Workplace harassment and bullying and the fear surrounding what speaking out can cause (retaliation) are concerns of anyone who has worked in a corporate environment. If you’ve ever had to deal with an HR issue involving this type of situation, they are not easy to navigate, and the amount of time, energy and focus spent working to get to the bottom of the issue and come to a resolution is not simple, it is intense and laborious and consists of copious amounts of notes and documentation.
When Cara’s letter surfaced, what she wrote resonated with me. I immediately felt her pain and understood the guts it took to stand up to the organization she loves so dearly and I supported her 100%. I continue to support her because the organization means so much to me, as well. And the fact that she is trying to ensure that the woman she crowns has a year that is filled with a lifetime of memories is something she should be given a ton of credit for – because she could have easily stayed silent and just let the next young woman find this out on her own. But she didn’t. She spoke up. Anytime we stand up for what we believe in or for what is right, we are putting ourselves in a position to potentially be scrutinized, chastised and publicly called out – but it’s still the right thing to do. It always will be.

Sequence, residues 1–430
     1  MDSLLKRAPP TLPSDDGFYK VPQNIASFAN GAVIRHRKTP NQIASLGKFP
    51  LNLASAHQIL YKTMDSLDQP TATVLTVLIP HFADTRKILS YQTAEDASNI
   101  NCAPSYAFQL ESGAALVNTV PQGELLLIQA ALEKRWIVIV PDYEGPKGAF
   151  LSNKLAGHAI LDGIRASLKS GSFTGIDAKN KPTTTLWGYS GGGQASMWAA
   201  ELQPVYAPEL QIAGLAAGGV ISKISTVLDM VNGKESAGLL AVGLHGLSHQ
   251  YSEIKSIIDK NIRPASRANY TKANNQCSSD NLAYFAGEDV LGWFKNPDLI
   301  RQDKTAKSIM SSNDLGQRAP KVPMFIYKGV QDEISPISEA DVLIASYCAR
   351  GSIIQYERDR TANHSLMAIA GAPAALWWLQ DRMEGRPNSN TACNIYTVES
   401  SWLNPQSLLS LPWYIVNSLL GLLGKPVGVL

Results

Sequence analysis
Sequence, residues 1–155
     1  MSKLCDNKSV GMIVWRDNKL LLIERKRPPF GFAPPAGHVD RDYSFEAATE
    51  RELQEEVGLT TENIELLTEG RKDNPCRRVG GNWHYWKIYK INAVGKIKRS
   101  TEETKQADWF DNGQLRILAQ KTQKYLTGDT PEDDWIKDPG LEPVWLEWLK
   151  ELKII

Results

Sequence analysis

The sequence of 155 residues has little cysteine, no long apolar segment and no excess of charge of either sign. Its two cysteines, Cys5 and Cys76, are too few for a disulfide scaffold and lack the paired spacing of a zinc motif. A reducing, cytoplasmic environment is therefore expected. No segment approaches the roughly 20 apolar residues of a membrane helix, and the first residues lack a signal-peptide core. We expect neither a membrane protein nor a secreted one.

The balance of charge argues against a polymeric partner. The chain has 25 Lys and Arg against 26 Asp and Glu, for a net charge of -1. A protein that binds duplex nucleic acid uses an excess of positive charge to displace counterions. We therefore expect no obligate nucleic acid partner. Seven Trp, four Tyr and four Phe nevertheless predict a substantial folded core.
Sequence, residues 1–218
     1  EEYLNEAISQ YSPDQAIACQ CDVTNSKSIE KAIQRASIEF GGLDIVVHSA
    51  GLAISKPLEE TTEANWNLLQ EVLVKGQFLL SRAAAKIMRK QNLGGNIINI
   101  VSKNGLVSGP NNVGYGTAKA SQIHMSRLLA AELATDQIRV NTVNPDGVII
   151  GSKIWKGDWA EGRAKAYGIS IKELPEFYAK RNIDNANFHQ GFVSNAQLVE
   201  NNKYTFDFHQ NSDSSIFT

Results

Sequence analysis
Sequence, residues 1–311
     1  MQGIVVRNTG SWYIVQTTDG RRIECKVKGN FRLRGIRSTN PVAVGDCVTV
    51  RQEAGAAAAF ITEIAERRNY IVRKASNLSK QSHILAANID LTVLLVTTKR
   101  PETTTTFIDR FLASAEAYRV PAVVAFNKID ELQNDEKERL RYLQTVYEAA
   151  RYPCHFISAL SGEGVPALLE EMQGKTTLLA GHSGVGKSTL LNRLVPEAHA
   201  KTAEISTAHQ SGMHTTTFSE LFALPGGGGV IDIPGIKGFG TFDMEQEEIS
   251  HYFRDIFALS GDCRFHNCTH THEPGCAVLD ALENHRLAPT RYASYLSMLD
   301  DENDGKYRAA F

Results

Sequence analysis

Several years ago, I took a risk by standing up for myself in an organization that made a lot of assumptions about my abilities to do my job at the level of performance they deemed as effective. I had done nothing wrong – and up to this point there was no indication that my job performance was anything other than on par and acceptable based on the company’s standards.
I sacrificed time away from my family for work travel, energy and focus away from my children so I could get up to speed faster and be more productive, pursued additional training and learning opportunities to be the best and developed myself as a leader as much as I could in order to become the best manager for my team. I spent an entire year doing all of the things I thought would make me successful in my role only to be told I wasn’t the ‘right fit’. And it stung.